|People struggle to drive in a section of Bến Phú Định Street, flooded by tides in HCM City early this month. Land subsidence is one of major causes of floods in the city.— VNA/VNS Photo Mạnh Linh
MEKONG DELTA — Sinking land in the Mekong Delta is causing a headache for the local administration.
In recent years, average land subsidence rateis 1.1cm every 12 months.
This can lead to major economic losses such as structural damage and high maintenance costs for roads, railways, dikes, pipelines and buildings.
The situation is more serious in cities and industrial parks with the subsidence rate of 2.5cm per year. In HCM City, the land subsidence already reached up to 7.3cm per year.
Overexploitations of underground water, sea level rise as well as substandard drainage system are blamed for the situation, the Thanh Niên (Young People) online newspaper reported.
Data from the provinces of Sóc Trăng and Bạc Liêu showed that about 100,000cu.m of underground water were exploited every day in Sóc Trăng and the number was 400,000cu.m daily in Bạc Liêu Province.
The two provinces, which have a range of industrial parks, were among the localities that suffered the most in the delta.
Research by the Utrecht University released by the Hà Nội-based Netherlands Embassy in June 2017, said the speed of the land subsidence caused by the overexploitation of underground water continuously rose over the past of 25 years.
In the meantime, the sea level rise was only 3mm per year. It meant the speed of 1.1cm per year was also higher than the speed of sea level rise, the research said.
The report described the situation as ‘very alarming’.
In HCM City, the land subsidence also has spread in many districts in recent years.
A study conducted by Associate Professor Lê Văn Trung and his colleagues at HCM City University of Technology pointed out that the land subsidence was only discovered in some areas of Bình Thạnh District and District 6 in 1998. A few years later, it was found in a range of districts of 7,8,9,11,12, Tân Phú, Bình Tân, Bình Thạnh, Gò Vấp, Hóc Môn, Bình Chánh and Nhà Bè.
Trung said this combined with the sea level rise would more severely threaten daily life of local residents if the city administration failed to plan for water drainage and flood prevention.
In an attempt to curb the water overexploitation, the Ministry of Natural Resources and Environment has compiled a draft decree to tighten control.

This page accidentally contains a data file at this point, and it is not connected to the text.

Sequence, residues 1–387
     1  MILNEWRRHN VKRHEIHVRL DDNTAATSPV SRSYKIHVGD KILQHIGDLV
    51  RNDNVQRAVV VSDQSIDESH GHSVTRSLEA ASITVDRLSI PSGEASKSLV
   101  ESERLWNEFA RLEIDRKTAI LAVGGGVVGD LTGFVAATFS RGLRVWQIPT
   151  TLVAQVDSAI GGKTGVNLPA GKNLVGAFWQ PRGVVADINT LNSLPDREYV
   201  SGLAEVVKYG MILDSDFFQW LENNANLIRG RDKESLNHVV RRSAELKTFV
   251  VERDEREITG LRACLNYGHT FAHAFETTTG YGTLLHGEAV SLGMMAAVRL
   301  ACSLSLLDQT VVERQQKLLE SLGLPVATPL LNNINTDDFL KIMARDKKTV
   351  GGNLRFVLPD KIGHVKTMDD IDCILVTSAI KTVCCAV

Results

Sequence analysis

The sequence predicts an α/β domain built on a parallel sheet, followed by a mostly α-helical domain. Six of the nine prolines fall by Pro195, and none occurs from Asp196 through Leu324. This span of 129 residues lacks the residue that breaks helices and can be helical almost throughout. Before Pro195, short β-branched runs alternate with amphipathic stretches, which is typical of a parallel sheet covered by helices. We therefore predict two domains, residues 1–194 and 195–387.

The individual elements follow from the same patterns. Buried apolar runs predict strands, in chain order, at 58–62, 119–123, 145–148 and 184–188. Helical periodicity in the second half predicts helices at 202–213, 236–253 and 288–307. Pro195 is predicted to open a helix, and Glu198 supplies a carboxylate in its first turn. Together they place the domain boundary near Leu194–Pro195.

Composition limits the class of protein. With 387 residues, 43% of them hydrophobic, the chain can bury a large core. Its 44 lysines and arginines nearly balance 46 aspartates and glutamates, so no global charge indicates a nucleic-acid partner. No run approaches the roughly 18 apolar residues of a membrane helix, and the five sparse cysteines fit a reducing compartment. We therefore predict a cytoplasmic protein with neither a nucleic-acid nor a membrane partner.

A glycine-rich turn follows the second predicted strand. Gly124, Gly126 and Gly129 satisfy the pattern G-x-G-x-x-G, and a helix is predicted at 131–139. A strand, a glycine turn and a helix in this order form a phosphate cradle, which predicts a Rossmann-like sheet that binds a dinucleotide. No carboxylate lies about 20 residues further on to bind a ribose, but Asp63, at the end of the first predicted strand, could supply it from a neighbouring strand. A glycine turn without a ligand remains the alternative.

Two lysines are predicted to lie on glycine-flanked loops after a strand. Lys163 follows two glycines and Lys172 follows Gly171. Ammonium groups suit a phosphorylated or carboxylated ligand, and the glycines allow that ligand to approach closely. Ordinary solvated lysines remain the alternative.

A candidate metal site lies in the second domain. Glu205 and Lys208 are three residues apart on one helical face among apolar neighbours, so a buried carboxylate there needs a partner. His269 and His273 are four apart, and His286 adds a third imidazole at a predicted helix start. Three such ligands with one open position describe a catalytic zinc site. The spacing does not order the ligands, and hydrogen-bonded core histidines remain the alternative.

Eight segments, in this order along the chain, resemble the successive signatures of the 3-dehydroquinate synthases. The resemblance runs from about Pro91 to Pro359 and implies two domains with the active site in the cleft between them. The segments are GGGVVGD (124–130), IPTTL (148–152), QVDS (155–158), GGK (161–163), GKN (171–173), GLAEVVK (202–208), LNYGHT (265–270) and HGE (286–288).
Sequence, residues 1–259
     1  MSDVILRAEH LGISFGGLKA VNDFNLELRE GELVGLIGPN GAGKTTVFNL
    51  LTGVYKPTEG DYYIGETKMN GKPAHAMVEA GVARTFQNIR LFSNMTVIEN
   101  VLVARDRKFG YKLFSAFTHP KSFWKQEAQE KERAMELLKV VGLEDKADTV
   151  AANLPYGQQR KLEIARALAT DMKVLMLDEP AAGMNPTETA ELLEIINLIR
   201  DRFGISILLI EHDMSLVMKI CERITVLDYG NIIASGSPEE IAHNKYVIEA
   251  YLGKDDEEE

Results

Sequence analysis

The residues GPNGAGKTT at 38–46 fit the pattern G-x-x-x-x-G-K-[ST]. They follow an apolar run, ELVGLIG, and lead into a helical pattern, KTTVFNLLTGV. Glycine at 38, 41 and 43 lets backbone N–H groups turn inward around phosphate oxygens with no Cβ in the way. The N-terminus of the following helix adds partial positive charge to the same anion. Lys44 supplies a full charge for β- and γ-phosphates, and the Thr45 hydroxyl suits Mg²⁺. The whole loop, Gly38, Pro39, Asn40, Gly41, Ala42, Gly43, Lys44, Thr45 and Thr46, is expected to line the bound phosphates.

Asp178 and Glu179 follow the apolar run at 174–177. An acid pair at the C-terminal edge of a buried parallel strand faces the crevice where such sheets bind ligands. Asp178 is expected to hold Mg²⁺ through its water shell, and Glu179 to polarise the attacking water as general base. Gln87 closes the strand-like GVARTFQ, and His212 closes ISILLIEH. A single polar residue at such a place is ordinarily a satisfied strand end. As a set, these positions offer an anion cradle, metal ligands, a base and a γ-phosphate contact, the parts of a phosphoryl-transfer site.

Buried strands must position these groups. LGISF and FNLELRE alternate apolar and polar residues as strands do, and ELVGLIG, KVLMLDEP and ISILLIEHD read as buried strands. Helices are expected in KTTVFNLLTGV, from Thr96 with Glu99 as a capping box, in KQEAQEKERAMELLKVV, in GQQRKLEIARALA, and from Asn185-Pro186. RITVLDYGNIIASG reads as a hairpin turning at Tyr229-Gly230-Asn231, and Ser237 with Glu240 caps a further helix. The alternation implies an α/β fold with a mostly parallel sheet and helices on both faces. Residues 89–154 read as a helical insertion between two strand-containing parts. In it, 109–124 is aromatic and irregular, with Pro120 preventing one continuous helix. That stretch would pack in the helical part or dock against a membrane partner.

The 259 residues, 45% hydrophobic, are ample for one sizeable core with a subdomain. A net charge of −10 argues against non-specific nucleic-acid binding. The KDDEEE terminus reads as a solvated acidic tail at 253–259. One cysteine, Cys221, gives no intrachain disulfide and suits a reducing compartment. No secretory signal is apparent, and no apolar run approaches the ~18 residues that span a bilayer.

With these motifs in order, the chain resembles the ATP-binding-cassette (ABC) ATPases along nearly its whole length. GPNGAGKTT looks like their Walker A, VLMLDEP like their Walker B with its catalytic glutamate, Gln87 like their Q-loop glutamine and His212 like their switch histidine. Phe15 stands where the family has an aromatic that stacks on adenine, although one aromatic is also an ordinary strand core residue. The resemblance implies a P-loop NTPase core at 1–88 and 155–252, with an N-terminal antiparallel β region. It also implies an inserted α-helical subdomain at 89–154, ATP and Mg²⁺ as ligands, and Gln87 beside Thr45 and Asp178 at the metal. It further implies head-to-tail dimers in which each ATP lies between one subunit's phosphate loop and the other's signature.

The ministry will not allow new construction to exploit underground water. It will also review and make adjustments for current works.
Additionally, experts suggest the local administration of the delta’s provinces should calculate the base level of foundation for construction works.
It aimed to minimise impacts of flooding on the local residents’ daily life.
Architect Lê Công Sỹ said the adjustment of the base level of foundation for construction work should be carefully calculated based on current and future data.
Currently, the base level of foundation for construction work nation-wide is regulated to be two metres higher than the sea level, he said.
However, with the current speed of land subsidence and sea level rise, some localities, especially, HCM City was advised to adjust the base level of foundation for construction work to prevent flood, he said.
In a related move, the Southern Institute for Spatial Planning under the Ministry of Construction wants to raise the base level of foundation for construction work to 2.5-3.2m by 2030.
Improvement of drainage system was thought to be one of methods to cope with floods, experts said.
Nguyễn Hoài Nam, former deputy director of HCM City’s Department of Planning and Investment said the authorised agencies were asked to learn from the Netherlands’ model.
The Mekong Delta is home to nearly 18 million people, and is the most important rice and fishing region in the country. HCM City is the largest city in Việt Nam, with a population of more than 8 million. — VNS